Community Advisory Committee Considers Bond Proposal

HPISD’s Community Advisory Committee is meeting for the second time March 5 to consider items to include in a potential bond proposal that could appear on the ballot in November 2024 or May 2025.

The 23-member committee, which met for the first time Feb. 27, is made up of district stakeholders, including former PTA and Dads Club executives, former mayors, and SMU board members. It will continue to meet in March and April.

Click HERE to visit the district’s community advisory committee webpage, which includes information on committee membership and links to the slideshows viewed by the committee.

At the top of the district’s list of potential items to include in a bond is $33 million for high priority needs. The chiller piping system at the HPMS/MIS campus has failed several times over the past few years, including twice in the past 10 months, HPISD superintendent Mike Rockwood told the committee.

“This is something that has to be remediated immediately,” he said. The district will begin repairs in the next few weeks. It plans to do major work on the system over the summer, and could use bond funds to pay itself back for those fixes, Rockwood explained.

Other priorities include district-wide security upgrades, repairs at MIS/HPMS and the district’s two other oldest campuses – Armstrong Elementary and Highland Park High School – as well as renovations at Highlander Stadium and the indoor practice facility.

The school district could issue bonds without increasing its tax rate, even if property values do not continue to go up or grow only modestly, representatives from RBC Capital Markets told the committee. HPISD could also use bond revenue to free up daily operating funds and raise salaries for teachers and staff.

“If we’re trying to be competitive salary-wise and we’re all funded on the same formula, a few percentage difference points makes a big difference,” assistant superintendent for business services Scott Drillette said. “When teachers are looking at salaries, they’re looking at a few thousand dollars.”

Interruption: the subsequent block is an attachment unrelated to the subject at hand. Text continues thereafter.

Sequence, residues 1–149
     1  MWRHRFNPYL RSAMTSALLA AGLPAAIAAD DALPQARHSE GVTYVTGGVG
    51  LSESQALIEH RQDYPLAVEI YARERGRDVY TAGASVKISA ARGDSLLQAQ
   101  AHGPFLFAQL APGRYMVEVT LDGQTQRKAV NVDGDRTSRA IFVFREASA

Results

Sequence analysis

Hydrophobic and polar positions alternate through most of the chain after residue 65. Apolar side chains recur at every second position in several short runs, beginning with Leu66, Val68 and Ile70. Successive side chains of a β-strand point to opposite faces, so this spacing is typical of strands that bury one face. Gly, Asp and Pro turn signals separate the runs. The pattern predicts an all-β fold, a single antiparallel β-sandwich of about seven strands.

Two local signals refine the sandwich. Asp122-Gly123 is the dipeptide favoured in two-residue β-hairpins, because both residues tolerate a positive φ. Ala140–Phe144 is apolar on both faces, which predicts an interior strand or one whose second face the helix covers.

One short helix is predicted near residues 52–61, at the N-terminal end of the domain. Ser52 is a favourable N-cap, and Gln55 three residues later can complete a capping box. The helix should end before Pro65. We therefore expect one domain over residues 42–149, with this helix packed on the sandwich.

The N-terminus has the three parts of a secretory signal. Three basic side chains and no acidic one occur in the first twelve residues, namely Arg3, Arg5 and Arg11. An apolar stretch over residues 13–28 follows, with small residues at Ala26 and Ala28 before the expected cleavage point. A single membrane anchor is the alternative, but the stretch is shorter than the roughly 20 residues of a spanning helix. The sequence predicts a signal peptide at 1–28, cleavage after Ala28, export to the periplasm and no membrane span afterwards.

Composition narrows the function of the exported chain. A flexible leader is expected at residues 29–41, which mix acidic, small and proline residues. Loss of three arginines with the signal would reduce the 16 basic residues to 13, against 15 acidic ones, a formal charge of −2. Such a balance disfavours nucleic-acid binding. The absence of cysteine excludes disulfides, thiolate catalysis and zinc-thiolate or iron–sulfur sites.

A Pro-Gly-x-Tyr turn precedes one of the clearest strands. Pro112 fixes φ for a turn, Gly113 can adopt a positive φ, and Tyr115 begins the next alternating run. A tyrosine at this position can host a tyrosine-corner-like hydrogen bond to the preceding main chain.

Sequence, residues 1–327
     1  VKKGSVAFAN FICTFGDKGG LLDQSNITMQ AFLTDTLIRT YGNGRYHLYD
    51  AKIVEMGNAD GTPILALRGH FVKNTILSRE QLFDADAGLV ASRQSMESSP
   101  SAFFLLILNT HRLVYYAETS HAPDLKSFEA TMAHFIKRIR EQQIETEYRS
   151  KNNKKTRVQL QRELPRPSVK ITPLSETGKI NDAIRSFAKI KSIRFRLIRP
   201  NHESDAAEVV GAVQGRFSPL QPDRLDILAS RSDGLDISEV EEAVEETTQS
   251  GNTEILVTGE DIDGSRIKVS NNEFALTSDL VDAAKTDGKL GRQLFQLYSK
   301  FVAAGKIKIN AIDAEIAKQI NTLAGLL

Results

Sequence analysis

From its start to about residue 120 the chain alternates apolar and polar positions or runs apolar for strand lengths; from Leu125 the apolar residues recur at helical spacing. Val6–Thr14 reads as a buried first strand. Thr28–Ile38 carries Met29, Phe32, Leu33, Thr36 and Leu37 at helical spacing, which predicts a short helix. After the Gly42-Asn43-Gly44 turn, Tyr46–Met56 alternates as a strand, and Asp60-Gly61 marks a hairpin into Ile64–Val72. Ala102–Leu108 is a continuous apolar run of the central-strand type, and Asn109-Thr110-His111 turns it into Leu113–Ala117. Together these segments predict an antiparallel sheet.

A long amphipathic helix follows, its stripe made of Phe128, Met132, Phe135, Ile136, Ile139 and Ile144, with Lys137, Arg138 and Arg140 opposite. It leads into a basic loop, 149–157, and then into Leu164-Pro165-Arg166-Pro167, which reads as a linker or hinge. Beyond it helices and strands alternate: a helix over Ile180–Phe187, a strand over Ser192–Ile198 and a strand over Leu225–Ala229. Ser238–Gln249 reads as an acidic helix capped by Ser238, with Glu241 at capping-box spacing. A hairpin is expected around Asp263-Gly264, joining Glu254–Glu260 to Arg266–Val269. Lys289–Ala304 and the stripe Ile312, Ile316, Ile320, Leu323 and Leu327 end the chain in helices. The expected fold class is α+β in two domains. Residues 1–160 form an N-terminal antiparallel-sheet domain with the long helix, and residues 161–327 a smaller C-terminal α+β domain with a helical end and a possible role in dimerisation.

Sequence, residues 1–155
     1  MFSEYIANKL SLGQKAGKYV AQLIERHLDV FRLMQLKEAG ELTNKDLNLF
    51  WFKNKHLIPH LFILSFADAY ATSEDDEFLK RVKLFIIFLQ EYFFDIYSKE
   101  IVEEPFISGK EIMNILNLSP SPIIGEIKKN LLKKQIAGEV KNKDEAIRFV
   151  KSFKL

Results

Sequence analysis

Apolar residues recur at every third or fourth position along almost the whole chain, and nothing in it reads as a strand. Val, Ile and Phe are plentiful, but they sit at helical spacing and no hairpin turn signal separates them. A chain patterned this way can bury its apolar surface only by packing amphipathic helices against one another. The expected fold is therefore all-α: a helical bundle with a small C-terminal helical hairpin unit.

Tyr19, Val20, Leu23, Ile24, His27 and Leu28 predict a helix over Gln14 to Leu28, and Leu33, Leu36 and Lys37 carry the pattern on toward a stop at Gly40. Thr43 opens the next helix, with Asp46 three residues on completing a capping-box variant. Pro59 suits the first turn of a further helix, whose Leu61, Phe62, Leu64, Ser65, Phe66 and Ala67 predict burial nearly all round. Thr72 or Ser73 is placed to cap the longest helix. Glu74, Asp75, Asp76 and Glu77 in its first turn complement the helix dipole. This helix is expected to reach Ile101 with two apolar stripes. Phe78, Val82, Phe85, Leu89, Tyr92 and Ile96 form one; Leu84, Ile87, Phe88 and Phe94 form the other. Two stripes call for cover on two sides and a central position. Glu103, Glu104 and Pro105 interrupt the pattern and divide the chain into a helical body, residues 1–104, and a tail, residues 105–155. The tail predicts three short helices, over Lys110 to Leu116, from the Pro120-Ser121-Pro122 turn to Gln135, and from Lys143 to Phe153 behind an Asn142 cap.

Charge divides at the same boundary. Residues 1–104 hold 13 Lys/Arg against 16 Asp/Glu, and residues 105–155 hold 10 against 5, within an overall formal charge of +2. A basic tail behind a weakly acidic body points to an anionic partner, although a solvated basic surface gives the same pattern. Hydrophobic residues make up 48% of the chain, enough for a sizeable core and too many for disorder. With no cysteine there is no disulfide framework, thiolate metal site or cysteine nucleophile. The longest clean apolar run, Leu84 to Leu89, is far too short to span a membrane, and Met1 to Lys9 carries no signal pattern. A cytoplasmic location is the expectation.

Tax dollars collected by school districts, he explained, go into two buckets. The first is for maintenance and operations (M&O), which funds teacher salaries and daily operating costs.

Although the amount of M&O dollars a school district collects is based on property values, state law determines how much of that money each district gets to keep. In the 2022-23 school year, HPISD collected $162.5 million in M&O dollars, but was only able to keep $55.4 million. The remaining $107.1 million was recaptured by the state.

Bond dollars, Drillette said, go into the second bucket and are not subject to recapture. Bonds can only be used for capital projects, but the district could capitalize some expenses currently in the M&O fund to free up dollars for salaries and help the district compete for teacher and staff talent. 

Since the 2021 Golden Penny election, Drillette said, the district has made strides in increasing teacher salaries. It’s gone from ranking between 22nd and 25th out of 25 comparison districts to between 7th and 24th, depending on experience and whether a teacher has a master’s degree.

Drillette said the district has maximized its benefit from the Golden Penny election and will not be able to continue giving salary increases at the same rate. And, despite the district’s efforts to maximize all the revenue it receives, “we’re still below the median in most of the categories.”

Board of Trustees Finance Officer Doug Woodward said HPISD needs to plan for future challenges, including continued recapture of funds and a lack of financial support from the state.

“The legislature had $33 billion of excess funds and not a penny of it made it to us. And the basic allotment that we’ve received from the state has remained unchanged for five years,” he said. “Inflation is over 20 percent in that time, and we still have the same amount of money to operate on.”

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